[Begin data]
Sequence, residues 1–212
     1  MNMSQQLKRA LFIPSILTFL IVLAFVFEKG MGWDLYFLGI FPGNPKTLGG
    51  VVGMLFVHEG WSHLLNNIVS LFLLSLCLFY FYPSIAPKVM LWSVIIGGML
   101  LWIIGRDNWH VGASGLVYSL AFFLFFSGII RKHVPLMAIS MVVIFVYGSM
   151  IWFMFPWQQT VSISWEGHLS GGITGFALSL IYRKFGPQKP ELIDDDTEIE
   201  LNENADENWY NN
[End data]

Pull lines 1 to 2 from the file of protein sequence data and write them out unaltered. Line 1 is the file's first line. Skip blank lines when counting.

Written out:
Sequence, residues 1–212
     1  MNMSQQLKRA LFIPSILTFL IVLAFVFEKG MGWDLYFLGI FPGNPKTLGG